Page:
You did mention Rabbi Mordey and Shaina Richler in South Lake Tahoe, but you omitted Rabbi Mendel and Sara Cunin of Reno-based Chabad of Northern Nevada, who also conduct services and Jewish activities in Incline.

Merritt and Sue Weisinger
Sparks, Nevada


Bid adieu to white flour

As a newly resubscribed reader, I don’t have any recent familiarity with J.

I did notice the inclusion of “all-purpose” white flour in a recipe (“This tangy tart uses dairy and honey for Shavuot,” May 18), and wished to comment that as a multi-decades-long, from-scratch cook and baker who values nutritiousness and deliciousness equally, I stopped using white flour the day I discovered white whole wheat flour years ago — a decision for which neither husband nor guests have ever reproached me.

I discarded all “white” ingredients and never looked back.

Who knows. Perhaps I may even be able to credit my blessed longevity to that and/or my longtime adherence to organic foods, which increased to 99% during the pandemic and, so far, post-pandemic.

Serena Jutkovitz Bardell
San Francisco


Judicial reform and ‘wisdom’

It’s time to reframe the debate over Israel’s judicial reform toward a reasonable middle ground and step away from the destructive polarization that has exacerbated divisions both here and in Israel.

Some Israeli reservists have even threatened to refuse to report for duty, an extraordinary development anywhere, let alone in a nation facing existential threat. Israel’s adversaries are paying attention. So should we.

Opponents of the reform often — rightly, in my view — cite the override provision which would allow a simple majority of the Knesset to nullify Supreme Court rulings. This concern is legitimate.

Israelis protest against the government’s planned judicial overhaul, outside the Supreme Court in Jerusalem, March 27, 2023. (Photo/JTA-Jamal Awad-Flash90)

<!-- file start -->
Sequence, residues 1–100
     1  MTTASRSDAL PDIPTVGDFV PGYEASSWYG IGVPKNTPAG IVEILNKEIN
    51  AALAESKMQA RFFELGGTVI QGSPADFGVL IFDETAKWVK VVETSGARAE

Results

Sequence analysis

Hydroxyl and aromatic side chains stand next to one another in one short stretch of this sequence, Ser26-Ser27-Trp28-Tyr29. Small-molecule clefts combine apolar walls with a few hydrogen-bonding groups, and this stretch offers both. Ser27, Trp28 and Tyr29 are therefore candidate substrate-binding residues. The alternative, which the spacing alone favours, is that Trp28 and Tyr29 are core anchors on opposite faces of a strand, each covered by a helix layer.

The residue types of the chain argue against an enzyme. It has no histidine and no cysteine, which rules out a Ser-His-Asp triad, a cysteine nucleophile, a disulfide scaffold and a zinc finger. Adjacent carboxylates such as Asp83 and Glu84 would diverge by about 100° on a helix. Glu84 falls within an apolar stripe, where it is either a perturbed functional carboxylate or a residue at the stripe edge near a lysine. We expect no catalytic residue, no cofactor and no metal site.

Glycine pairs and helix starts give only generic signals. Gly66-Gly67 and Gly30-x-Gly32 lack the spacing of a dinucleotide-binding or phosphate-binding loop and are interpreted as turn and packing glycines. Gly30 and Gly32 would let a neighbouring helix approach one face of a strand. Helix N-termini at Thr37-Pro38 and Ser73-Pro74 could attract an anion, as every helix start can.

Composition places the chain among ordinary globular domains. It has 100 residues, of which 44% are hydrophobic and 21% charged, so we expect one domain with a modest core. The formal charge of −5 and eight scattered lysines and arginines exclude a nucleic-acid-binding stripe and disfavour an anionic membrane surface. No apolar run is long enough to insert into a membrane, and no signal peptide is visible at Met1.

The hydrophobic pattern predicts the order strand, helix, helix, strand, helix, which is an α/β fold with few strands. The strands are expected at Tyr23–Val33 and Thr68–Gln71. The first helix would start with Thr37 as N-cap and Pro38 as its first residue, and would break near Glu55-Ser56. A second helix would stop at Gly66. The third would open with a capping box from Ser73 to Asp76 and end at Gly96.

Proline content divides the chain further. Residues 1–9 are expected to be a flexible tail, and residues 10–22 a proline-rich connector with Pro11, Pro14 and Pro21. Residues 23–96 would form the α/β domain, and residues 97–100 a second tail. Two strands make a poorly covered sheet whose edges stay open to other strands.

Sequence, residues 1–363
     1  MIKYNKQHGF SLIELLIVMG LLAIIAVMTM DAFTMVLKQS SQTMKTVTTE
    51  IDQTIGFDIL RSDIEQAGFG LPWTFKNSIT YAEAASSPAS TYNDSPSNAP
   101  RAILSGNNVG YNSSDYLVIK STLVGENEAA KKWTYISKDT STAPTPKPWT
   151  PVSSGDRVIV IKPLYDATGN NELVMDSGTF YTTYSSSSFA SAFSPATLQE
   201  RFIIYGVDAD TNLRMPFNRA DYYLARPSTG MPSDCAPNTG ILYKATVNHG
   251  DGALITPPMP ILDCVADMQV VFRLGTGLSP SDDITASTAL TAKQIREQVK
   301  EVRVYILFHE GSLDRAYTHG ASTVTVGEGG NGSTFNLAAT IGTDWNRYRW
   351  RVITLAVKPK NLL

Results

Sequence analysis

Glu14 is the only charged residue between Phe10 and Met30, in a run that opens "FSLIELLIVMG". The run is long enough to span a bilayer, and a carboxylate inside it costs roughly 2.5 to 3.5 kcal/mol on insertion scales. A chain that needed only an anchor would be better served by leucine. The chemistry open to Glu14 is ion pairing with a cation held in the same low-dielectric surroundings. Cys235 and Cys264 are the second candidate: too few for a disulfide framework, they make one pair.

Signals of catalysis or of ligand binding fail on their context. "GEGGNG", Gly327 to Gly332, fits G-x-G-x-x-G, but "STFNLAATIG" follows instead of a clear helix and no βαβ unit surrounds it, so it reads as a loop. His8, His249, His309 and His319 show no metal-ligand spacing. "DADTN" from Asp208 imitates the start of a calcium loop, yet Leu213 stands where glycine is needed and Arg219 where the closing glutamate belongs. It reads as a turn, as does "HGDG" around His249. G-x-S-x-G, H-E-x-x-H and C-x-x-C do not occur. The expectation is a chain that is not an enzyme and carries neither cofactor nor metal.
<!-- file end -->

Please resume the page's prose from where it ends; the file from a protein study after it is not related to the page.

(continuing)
Israelis protest against the government’s planned judicial overhaul, outside the Supreme Court in Jerusalem, March 27, 2023. (Photo/JTA-Jamal Awad-Flash90)

However, rhetorical excesses — such as “democracy is good for the Jews” (“If you love Israel, speak up,” March 15) and the Knesset’s attempt to “undermine the sanctity of an independent judiciary” (“Wrecking judicial sanctity,” April 26) in letters to the editor in J. — fail to recognize that Israel’s judicial structure is severely problematic and itself compromises democratic governance.

Consider the following: As there is no requirement for standing to initiate litigation, anyone can start a legal process that could potentially have a major impact on Israeli society. This failing is augmented by the court’s practice of ruling on policy issues, properly the province of the political leadership, and its use of a subjective “reasonableness” standard in reaching decisions.

Then there is the Israeli attorney general, who is not part of the elected government but can deny governmental departments the right of representation in legal disputes.

All this lends toward judicial anarchy. Clearly, reform is needed.

Let’s hope that the Israeli polity, where such issues must be resolved, can muster the wisdom and strength to achieve real reform without eviscerating the Supreme Court’s legitimate role.

The best that those of us outside of Israel can do is to try to better our own understanding and pursue a more informed and reasoned dialogue. Remember that the first rule of ethics is “Do no harm.”

Steve Astrachan
Pleasant Hill